What Happens When Sales Expectations Aren’t Met?

There was a tremendous amount of hype surrounding the Red Sox-Yankees opening day game.  Two ace pitchers were to take the mound when Josh Beckett, pitching for the Sox, would face CC Sabathia, hurling for the Yankees.  Two of the best pitchers going head to head against two of the best offenses in baseball.  What a pitching duel this could be!

Well the opportunity to watch a pitching duel never materialized as both teams hit better than they pitched. The game itself was fun, but the pitching matchup failed to meet expectations.

Yesterday must have been an incredibly slow news day.  The 11 PM News had a brush fire in Boston (a brush fire?), Josh Beckett’s contract extension, Tiger Woods’ first day back to the PGA, The President throwing out the first ball at the Washington Nationals’ Opening Day Game, and two women who, while walking in their neighborhood, were struck by pellets fired by bicycle riding teenagers.  I kid you not.  For the Beckett, Woods and Obama stories to be included as part of the news instead of the sports shows just how slow a news day it was.  Yesterday’s news really failed to meet expectations.

Yesterday, one of your salespeople learned that their opportunity with that nice large account is not going to develop.  While they were simply out kicking tires, your salesperson got excited about the potential.  In the end, the prospect decided to stay with their incumbent vendor.  This opportunity failed to meet expectations.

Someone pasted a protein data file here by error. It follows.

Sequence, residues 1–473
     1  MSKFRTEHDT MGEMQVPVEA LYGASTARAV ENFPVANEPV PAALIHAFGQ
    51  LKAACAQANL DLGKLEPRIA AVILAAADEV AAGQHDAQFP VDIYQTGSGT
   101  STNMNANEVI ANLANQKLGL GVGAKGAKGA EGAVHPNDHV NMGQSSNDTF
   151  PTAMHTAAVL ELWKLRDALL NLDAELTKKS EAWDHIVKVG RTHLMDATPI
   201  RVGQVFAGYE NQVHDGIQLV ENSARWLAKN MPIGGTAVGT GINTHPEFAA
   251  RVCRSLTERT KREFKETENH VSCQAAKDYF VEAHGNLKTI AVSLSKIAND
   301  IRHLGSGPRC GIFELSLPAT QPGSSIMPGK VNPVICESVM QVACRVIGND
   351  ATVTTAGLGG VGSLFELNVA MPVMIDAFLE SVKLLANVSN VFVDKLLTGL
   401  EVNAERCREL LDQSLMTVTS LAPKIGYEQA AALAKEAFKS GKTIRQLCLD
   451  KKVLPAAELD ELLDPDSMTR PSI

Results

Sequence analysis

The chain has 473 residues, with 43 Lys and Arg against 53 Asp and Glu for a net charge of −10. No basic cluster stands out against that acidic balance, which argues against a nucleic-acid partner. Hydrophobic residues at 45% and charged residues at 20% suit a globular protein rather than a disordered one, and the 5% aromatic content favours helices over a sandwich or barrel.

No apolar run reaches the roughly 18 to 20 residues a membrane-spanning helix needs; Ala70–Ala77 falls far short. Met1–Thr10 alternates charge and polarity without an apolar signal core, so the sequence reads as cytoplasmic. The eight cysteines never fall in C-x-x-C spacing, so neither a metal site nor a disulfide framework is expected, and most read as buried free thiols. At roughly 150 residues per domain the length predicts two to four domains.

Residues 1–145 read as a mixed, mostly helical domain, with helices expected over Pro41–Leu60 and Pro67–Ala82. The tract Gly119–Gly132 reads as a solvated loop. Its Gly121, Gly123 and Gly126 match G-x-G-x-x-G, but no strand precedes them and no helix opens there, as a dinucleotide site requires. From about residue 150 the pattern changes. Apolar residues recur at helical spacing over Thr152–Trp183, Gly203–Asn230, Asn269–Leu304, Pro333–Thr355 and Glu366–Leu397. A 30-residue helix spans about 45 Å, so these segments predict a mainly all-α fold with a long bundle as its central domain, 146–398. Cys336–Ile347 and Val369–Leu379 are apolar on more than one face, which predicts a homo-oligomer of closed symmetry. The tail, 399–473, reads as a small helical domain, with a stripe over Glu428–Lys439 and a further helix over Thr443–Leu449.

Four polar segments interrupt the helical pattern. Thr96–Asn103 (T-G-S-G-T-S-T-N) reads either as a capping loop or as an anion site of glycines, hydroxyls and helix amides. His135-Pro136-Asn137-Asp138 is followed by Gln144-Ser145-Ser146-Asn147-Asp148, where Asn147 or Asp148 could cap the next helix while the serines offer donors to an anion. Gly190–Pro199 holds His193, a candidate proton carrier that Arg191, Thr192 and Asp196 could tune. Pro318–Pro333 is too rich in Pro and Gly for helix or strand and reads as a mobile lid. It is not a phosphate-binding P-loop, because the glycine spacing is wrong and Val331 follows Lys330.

What’s the difference between a baseball game or the news failing to meet expectations versus one of your salespeople’s opportunities failing to meet expectations?

The game and the news are quickly forgotten and don’t impact your life unless you bet on the outcome of the game or happen to be the leading story on the news.  When your salespeople focus too much of their time and resources on a large opportunity and it doesn’t materialize, you can lose 6-12 months of productivity from them.  Not only that, your forecasts fall short, your budget goes to hell, and you could have a frustrated, demotivated salesperson on your hands.  The worst part is if you have a long sales cycle, say 8-12 months, and the salesperson devoted most of his time and energy to this opportunity for 8-12 months, it will take an additional 8-12 months before the pipeline will produce new, meaningful revenue.

Has this ever happened to you?